This large-scale global study takes an unprecedented look at Millennials worldwide, and more telling than the disparities was the consistency of the results. The landmark study – the broadest single study of the Millennial generation to date – spanned 24 countries, included 15,000 interviews and revealed four major global trends among young people today, from their high levels of happiness to their emphasis on family and community.
The global economic crisis is the #1 influencer on the Millennial generation.
A full 68% of Millennials worldwide feel personally touched by the global economic crisis.
- This percentage increases in Spain (86%), Italy (85%), and Greece (80%).
Fewer global Millennials believe they will earn more than their parents – from 47% in 2006 to 26% in 2012.
Half of young people (49%) believe job security will continue to worsen and the the vast majority of Millennials (78%) would rather have a minimum wage job than no job at all.
Despite significant economic and unemployment concerns, the vast majority of Millennials are happy.
Over three-quarters (76%) describe themselves as “very happy.”
- Millennials in Latin American countries like Mexico, Argentina and Brazil report the highest levels of happiness.
Millennials’ levels of happiness outweigh stress levels by a factor of over 2 to 1.
In terms of what drives happiness, family, friends and community are paramount.
Spending time with family is the top driver of happiness for Millennials today: 45% of all 9-30s globally say their #1 best friend is someone within the family.
Friendships, both real-life and online, are the second key driver of happiness.
- Among Millennials, there is a trend towards smaller circles of real-life friends compared with online friends, which are skyrocketing.
- Over the past six years, Millennials have maintained about the same number of best friends, but their wider circle of everyday friends is shrinking. On the other hand, they average well over 200 online friends, revealing a significant jump in the number of online contacts whom they consider friends but have never actually met in person.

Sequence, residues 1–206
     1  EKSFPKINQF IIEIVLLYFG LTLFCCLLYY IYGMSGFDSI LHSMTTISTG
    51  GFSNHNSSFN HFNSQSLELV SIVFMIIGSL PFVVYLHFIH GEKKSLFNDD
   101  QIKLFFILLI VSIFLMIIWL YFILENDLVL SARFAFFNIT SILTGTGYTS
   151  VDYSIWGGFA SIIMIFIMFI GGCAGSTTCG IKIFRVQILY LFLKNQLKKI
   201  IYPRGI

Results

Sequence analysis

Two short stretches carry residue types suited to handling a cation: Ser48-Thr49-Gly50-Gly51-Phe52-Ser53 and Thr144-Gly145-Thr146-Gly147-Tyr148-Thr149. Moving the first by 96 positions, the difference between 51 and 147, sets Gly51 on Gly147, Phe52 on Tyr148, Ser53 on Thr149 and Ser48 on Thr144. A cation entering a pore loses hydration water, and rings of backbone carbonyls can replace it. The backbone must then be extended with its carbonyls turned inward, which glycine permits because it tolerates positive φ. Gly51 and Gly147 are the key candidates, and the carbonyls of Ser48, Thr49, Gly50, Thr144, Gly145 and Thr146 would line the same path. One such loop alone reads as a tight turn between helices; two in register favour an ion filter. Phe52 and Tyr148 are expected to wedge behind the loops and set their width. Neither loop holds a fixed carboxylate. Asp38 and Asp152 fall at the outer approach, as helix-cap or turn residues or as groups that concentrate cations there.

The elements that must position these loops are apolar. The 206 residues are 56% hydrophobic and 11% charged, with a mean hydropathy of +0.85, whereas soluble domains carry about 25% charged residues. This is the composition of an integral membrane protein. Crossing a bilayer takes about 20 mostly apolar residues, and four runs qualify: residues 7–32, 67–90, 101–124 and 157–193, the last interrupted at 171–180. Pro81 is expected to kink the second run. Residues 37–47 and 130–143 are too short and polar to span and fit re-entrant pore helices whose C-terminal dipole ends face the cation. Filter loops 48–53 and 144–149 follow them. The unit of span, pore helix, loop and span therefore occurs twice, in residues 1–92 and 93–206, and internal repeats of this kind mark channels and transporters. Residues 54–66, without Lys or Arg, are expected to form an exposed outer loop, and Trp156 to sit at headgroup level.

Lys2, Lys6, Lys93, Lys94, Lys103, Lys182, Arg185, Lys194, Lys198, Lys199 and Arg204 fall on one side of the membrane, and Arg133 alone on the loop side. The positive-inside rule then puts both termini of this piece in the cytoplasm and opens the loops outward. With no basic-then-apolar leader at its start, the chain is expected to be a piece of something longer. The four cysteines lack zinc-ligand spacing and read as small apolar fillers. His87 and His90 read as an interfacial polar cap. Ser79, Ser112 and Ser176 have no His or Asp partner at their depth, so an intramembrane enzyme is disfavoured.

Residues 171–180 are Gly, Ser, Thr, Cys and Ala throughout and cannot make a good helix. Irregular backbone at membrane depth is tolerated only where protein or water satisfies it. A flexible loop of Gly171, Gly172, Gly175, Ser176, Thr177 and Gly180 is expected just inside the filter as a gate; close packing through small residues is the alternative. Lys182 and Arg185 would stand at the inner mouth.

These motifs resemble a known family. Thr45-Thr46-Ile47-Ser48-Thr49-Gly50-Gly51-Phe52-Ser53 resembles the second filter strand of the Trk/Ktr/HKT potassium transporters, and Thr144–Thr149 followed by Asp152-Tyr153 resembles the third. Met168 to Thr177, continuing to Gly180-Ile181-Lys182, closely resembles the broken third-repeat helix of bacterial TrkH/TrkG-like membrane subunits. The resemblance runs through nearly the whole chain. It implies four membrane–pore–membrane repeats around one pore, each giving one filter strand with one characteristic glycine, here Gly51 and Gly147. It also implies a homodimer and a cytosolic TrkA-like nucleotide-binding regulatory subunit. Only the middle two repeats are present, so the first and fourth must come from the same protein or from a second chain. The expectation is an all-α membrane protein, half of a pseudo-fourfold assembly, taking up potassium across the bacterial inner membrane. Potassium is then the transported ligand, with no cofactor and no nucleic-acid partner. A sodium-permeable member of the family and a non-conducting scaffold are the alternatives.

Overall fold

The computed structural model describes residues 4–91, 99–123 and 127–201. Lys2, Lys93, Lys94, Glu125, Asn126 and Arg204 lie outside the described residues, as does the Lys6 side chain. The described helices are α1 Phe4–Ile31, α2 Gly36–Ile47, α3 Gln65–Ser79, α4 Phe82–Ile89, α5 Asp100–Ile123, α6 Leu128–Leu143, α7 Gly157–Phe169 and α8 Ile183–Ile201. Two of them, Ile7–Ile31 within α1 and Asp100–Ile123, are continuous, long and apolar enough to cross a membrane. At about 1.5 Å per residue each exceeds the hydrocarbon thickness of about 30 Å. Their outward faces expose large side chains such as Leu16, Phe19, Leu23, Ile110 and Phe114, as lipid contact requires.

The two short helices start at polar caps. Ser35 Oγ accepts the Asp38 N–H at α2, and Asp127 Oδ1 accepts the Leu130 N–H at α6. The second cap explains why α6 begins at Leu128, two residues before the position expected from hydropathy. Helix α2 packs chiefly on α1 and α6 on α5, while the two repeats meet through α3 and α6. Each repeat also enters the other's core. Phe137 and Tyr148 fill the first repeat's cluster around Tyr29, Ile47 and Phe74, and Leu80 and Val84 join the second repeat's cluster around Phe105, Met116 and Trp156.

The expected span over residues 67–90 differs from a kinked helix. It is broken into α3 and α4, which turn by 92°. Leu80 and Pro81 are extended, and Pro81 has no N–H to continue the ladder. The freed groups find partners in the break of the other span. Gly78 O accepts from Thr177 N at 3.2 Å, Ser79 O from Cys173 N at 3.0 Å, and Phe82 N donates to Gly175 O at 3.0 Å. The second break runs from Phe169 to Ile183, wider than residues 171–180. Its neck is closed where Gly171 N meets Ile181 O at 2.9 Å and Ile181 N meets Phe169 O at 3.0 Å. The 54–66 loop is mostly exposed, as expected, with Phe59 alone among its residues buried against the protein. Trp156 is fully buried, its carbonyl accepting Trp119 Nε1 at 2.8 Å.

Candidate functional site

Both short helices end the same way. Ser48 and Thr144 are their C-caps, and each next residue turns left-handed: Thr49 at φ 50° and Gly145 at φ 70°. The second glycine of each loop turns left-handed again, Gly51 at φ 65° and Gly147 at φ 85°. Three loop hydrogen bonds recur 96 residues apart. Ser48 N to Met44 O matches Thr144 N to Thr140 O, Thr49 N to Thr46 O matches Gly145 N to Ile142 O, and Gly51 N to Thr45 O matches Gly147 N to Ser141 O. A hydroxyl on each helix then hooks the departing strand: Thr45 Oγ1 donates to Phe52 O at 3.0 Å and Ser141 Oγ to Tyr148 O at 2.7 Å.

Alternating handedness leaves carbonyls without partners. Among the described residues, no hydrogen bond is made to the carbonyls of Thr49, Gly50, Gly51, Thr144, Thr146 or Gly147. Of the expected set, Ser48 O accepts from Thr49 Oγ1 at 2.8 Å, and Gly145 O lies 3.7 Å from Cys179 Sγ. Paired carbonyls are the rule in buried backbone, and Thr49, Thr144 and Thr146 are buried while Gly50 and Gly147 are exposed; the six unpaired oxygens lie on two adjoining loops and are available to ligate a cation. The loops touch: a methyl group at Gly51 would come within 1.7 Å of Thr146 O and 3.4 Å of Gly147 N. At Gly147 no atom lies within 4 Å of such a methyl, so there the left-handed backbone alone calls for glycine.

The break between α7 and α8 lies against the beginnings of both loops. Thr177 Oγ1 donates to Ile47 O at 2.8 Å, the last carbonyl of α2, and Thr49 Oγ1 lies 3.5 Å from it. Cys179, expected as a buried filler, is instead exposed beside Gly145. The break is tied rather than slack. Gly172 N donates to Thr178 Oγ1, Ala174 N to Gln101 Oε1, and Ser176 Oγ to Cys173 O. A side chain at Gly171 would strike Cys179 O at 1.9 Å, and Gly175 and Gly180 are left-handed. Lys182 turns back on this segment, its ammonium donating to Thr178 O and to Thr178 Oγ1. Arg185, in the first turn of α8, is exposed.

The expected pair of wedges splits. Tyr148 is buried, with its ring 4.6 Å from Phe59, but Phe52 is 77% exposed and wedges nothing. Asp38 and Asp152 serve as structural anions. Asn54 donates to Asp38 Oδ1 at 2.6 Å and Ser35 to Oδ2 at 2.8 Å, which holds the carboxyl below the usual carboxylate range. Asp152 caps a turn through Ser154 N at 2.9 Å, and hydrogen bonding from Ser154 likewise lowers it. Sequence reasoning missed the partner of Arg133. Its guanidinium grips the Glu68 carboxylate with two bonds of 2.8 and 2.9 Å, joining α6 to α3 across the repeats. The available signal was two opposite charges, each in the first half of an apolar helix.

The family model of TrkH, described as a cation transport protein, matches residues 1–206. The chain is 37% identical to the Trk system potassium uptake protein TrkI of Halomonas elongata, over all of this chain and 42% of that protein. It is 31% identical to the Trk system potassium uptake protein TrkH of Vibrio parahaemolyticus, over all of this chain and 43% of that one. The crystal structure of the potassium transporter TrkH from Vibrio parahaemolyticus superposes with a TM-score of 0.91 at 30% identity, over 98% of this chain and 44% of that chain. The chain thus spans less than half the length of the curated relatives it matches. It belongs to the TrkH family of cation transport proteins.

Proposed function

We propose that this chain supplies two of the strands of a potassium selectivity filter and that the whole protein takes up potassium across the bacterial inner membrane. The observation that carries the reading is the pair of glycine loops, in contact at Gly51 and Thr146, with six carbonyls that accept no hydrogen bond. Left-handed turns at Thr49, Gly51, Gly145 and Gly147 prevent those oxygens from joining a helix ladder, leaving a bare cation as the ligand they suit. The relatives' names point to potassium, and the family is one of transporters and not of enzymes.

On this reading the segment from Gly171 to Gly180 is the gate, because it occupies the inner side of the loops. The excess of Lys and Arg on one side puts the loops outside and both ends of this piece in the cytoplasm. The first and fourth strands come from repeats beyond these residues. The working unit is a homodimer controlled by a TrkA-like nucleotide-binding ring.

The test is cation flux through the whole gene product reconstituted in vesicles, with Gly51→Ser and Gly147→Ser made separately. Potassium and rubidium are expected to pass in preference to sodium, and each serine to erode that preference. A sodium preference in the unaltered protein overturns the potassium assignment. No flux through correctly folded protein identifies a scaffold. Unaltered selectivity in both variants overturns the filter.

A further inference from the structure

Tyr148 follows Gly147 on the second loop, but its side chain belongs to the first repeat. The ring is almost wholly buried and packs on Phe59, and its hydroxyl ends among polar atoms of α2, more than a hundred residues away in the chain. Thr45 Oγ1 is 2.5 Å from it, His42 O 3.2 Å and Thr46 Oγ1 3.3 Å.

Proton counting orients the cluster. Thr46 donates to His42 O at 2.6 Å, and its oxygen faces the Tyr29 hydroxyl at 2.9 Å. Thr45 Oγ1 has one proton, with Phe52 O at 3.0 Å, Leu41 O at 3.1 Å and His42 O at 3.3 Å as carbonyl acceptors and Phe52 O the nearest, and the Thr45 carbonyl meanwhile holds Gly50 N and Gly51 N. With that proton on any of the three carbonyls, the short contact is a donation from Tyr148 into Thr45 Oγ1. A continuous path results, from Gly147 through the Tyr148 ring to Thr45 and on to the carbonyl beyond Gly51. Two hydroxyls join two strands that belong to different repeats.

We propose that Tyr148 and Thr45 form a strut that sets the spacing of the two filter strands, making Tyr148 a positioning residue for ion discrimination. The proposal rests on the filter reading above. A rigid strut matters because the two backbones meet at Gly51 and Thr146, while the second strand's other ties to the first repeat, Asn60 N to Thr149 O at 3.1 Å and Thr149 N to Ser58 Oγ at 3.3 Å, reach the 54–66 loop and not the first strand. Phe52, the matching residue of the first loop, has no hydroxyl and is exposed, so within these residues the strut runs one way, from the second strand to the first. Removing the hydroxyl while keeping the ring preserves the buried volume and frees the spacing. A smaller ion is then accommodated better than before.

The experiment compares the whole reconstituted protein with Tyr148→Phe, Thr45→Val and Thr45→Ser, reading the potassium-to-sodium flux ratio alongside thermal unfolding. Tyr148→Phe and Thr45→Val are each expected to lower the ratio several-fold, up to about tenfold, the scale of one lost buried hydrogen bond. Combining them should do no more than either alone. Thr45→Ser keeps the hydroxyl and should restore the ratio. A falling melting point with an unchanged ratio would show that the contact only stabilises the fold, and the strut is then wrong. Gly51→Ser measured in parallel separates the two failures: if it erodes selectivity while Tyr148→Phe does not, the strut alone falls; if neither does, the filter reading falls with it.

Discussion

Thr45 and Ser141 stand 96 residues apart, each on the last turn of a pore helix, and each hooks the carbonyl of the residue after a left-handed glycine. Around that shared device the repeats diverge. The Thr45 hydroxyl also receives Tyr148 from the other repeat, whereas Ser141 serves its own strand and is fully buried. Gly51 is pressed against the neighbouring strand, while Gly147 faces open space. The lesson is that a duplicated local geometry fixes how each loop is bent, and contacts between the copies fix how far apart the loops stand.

“Glocalness” is a generational definer.
Millennials are displaying a growing sense of national pride and interest in maintaining local traditions. At the same time, they have an increasingly open and tolerant view of other countries and cultures.
- 83% agree “I’m proud to be [X] nationality,” up from 77% in 2006.
- 76% agree that it’s important to maintain their country’s traditions, up from 68% in 2006.
- 73% think it’s great to have people from other countries coming to live in their respective home country, up from 51% in 2006.
The Millennial generation shares a sense of global community, newfound tolerance and flexibility, increased creativity and a powerful desire to share and connect.
- 87% describe themselves as actively curious about the world.
- 85% describe themselves as able to adapt quickly to change.
- 93% globally believe it’s our responsibility to treat all people with respect, regardless of race, gender, religion, political viewpoint or sexual orientation.
This study is based on a total of 15,000 interviews, in-depth explorations and expert commentaries with people ages 9-30 spanning 24 countries: Argentina, Australia, Brazil, Canada, China, Egypt, France, Germany, Greece, India, Italy, Japan, Mexico, Netherlands, Poland, Russia, Saudi Arabia, Singapore, South Africa, Spain, Sweden, Turkey, United Kingdom and United States.